Choosing the right conjunction is important to make the meaning clear.
- He is intelligent but hardworking.
- He is intelligent and hardworking.
(Since the conjunction and connect similar ideas, it should be used in the above sentence.)
- I have always been weak in mathematics and I have never failed a test.
- I have always been weak in mathematics, but I have never failed a test.
(But is more appropriately used because the two sentences above have opposite ideas.)
When ‘and’ is used to connect two words or phrases in a sentence, no comma is used. Commas are used when there are three or more items in a sentence.
- I had bacon and an egg.
- I had bacon, a toast, and an egg.
We can start a sentence with a conjunction, or place it in the middle of the sentence. A comma is used when a conjunction introducing a subordinate clause comes before the main clause as shown here. The subordinating conjunctions are in bold.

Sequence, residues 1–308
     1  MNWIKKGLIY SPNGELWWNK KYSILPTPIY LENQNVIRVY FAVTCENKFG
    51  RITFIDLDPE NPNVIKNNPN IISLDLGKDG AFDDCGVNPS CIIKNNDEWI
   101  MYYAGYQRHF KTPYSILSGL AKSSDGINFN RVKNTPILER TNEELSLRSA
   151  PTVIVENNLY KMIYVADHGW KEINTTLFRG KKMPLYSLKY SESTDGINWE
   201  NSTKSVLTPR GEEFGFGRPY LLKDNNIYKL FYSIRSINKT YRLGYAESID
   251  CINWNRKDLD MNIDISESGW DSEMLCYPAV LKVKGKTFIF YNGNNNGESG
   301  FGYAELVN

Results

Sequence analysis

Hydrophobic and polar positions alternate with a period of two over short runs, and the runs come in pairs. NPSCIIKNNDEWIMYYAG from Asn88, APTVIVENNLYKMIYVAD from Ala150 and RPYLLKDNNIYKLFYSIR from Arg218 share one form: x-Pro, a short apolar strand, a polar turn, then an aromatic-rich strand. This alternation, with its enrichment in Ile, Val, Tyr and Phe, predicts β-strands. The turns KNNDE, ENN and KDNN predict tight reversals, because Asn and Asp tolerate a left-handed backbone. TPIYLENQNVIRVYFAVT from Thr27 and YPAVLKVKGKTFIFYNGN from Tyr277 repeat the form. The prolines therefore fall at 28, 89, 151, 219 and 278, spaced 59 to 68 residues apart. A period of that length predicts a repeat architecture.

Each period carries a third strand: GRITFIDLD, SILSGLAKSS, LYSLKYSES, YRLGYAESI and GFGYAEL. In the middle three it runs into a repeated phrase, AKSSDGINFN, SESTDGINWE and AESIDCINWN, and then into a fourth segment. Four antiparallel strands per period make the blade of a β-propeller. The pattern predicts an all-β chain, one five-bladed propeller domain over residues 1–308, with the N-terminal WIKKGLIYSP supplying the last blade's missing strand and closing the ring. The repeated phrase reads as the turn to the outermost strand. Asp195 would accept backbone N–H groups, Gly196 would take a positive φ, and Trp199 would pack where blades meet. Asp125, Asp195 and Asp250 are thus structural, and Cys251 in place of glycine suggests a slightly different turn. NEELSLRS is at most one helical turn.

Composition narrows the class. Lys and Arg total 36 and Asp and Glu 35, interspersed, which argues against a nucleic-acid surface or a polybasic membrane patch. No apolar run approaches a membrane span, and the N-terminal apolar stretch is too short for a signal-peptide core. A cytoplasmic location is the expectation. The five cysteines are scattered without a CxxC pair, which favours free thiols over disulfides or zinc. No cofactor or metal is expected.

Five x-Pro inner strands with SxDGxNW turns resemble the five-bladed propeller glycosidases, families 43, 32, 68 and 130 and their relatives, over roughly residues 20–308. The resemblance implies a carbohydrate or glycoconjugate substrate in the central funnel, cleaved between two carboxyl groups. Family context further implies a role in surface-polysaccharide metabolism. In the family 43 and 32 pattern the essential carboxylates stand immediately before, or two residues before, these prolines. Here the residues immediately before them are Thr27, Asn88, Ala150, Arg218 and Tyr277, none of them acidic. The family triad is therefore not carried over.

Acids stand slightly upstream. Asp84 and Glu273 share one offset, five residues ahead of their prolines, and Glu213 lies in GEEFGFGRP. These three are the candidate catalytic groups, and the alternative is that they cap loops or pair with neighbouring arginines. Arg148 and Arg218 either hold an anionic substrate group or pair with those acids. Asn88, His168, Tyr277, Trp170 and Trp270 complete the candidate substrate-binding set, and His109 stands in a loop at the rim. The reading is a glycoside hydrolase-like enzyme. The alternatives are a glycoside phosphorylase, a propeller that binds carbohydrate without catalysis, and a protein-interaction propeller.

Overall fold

- If he is not here soon, we shall leave without him.
- We shall leave without him if he is not here soon.
- When you see him, please talk to him about it.
- Please talk to him about it when you see him.
- Although she is my colleague, we hardly talk to each other.
- We hardly talk to each other although she is my colleague.
- Because the weather is bad, we decide not to go out.
- We decide not to go out because the weather is bad.
- Before I go to bed, I have a glass of milk.
- I have a glass of milk before I go to bed.
- After the accident, he decided to give up his job.
- He decided to give up his job after the accident.
(We use a comma when a conjunction introducing a subordinate clause comes before the main clause.)